US muni bond tax exemption is accident of history
By Agnes T. Crane
The author is a Reuters Breakingviews columnist. The opinions expressed are her own.
U.S. lawmakers don’t like subsidizing municipal project financing. Last year they ended the Build America Bonds program that did just that. Yet the continuing federal tax break on state and local debt is a subsidy by another name. Getting rid of it could hit smaller borrowers — but would create a more efficient, transparent market.
No one starting afresh would design today’s municipal bond market. It was born of a 19th-century court ruling that made its way into the tax code and persists there, even though the courts have since changed their minds. Today, it’s a $2.9 trillion behemoth where an estimated 50,000 issuers finance things like schools, sewer treatment plants and public transport systems.
Large institutional investors tend to steer clear of munis because they’re after yield, not tax breaks. Municipal debt traditionally trades at lower yields than comparable U.S. Treasuries because individual investors pay less tax on the interest. But without the liquidity that comes with big players, even a smallish exodus by the sector’s mainly retail investors can trigger volatile swings.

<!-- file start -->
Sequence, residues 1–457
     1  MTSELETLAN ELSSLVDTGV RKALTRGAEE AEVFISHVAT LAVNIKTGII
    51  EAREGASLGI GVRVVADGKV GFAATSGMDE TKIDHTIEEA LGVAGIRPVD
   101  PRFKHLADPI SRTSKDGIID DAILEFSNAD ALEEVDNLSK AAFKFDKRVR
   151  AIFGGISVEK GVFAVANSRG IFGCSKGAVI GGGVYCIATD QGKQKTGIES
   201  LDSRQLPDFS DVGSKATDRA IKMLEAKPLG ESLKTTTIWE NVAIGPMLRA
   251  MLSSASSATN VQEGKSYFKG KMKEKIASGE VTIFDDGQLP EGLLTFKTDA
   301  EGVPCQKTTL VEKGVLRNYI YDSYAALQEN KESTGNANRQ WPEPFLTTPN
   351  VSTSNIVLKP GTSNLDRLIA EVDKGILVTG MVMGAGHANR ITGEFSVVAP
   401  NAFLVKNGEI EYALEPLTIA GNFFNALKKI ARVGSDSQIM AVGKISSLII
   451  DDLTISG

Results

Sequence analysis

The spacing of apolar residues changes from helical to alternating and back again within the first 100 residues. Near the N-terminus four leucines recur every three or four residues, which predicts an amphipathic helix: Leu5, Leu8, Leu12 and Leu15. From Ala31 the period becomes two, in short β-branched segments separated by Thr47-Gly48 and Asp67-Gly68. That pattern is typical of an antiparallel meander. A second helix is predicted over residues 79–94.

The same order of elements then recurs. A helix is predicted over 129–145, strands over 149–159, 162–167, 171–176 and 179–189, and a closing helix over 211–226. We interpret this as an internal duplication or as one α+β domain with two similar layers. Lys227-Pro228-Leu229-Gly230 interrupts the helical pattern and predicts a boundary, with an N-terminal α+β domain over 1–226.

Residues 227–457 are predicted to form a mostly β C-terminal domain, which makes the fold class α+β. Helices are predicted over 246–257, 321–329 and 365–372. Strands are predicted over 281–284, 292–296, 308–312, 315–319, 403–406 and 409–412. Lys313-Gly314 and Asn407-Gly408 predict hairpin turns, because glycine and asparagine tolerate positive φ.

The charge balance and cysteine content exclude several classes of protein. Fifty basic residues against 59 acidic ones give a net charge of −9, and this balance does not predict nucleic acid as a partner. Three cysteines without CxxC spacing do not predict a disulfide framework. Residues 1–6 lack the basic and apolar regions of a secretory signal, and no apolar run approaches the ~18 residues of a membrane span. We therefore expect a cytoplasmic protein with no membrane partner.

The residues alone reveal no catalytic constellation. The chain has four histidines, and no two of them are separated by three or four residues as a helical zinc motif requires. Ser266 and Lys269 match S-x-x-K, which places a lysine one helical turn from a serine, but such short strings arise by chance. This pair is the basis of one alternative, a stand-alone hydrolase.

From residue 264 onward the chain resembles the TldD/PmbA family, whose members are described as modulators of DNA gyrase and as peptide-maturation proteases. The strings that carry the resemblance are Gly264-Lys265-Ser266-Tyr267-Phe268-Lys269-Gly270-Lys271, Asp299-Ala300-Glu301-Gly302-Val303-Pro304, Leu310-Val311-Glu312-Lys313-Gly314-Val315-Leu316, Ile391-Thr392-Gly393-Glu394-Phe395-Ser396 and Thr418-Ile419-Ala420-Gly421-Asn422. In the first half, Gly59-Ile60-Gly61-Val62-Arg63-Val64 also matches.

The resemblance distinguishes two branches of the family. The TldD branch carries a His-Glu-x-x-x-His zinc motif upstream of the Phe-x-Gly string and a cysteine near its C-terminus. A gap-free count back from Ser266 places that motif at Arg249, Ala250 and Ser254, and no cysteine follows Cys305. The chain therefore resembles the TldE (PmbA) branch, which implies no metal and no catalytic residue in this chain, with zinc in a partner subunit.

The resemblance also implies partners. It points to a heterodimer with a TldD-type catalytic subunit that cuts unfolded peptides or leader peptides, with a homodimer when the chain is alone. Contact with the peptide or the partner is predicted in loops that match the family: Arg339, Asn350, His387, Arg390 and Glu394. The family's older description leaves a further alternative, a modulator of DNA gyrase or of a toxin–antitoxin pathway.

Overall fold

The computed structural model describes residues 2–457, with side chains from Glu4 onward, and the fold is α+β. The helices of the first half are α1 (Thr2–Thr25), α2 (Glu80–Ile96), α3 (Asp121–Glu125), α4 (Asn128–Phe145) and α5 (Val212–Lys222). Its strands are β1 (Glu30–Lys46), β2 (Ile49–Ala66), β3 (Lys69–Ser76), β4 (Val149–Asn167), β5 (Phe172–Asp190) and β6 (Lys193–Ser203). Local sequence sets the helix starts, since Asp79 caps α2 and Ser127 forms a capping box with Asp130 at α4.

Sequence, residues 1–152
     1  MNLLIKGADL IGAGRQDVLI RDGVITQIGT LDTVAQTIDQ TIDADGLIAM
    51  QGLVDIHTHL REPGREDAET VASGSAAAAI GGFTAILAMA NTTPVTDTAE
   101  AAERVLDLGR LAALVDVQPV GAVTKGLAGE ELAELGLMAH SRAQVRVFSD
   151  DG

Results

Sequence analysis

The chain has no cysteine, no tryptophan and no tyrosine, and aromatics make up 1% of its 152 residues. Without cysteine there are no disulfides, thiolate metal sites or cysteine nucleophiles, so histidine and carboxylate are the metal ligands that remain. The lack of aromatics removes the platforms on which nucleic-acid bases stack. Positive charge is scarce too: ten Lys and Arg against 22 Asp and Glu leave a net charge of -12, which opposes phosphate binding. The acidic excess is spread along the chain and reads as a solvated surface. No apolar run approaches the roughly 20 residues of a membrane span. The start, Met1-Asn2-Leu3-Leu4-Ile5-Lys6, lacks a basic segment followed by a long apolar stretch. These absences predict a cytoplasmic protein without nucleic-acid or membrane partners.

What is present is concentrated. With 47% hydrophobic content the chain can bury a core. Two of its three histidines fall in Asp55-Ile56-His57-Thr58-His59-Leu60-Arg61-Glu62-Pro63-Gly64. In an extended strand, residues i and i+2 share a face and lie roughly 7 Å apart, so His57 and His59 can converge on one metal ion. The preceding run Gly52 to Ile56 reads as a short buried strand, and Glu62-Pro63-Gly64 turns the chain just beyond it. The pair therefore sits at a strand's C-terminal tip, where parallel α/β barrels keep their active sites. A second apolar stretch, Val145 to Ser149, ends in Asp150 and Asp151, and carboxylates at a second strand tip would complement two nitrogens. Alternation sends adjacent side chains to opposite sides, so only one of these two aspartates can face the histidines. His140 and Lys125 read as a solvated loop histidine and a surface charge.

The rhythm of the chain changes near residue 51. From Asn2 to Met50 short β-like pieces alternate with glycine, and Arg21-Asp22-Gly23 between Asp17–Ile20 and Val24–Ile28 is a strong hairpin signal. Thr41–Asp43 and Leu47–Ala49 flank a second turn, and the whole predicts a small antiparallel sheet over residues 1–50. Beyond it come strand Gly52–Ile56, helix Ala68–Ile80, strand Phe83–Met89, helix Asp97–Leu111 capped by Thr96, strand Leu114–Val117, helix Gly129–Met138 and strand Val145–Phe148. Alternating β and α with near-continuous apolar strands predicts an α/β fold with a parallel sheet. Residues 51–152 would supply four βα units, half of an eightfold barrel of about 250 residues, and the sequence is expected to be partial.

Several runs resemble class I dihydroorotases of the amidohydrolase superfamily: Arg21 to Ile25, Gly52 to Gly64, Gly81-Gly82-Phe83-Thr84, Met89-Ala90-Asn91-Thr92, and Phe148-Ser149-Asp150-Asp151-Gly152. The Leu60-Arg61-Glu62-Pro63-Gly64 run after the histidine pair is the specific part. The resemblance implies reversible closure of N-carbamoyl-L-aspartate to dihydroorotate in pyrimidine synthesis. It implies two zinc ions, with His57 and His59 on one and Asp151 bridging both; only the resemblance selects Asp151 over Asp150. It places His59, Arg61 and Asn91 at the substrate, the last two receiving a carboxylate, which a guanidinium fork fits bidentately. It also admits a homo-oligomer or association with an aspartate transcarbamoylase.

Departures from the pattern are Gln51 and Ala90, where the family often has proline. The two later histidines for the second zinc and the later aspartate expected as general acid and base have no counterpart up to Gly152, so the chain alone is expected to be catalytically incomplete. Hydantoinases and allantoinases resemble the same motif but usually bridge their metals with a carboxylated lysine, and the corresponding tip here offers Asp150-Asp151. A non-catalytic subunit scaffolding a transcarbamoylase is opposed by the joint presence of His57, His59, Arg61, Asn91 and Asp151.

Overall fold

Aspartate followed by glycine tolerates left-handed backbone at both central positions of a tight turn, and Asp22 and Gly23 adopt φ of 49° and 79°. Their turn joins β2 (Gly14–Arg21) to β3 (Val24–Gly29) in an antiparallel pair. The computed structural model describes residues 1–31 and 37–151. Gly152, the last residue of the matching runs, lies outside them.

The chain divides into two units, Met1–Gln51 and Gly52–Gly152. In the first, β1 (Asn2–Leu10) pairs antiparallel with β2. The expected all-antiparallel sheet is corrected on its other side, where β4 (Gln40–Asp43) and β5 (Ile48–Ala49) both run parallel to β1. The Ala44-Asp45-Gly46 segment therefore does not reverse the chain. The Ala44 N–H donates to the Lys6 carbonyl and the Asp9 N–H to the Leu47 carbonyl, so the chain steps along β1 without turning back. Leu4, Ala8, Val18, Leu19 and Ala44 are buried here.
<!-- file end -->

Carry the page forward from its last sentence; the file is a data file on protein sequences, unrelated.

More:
Making munis taxable would bring in more of the big guns. The aborted BAB program, which subsidized borrowers rather than investors, proved that. Their firepower would help make the market more transparent as well as more liquid. After all, these investors aren’t likely to be satisfied with the thin disclosure that’s all too common. And the federal government would end up getting a bit more tax revenue.
Big and regular issuers like California wouldn’t have too much difficulty adjusting to a taxable market. Morgan Stanley estimates that a generic, A-rated state issuer could end up paying just 0.04 percentage point more of its budget on debt servicing over the next 10 years if it sold taxable debt.
Smaller borrowers — say in the $10 million range — would struggle more. They’ve traditionally relied on local bond buyers attracted by interest income that’s exempt from both state and federal taxes. With part of that benefit gone, borrowing won’t be so easy.
There could be other unintended consequences, too. For example, killing the federal tax exemption could lead to state government expansion as smaller communities turn to their respective state capitals, rather than residents, for funds. But the muni market is often dysfunctional in its current state. At the very least, major reforms deserve debate.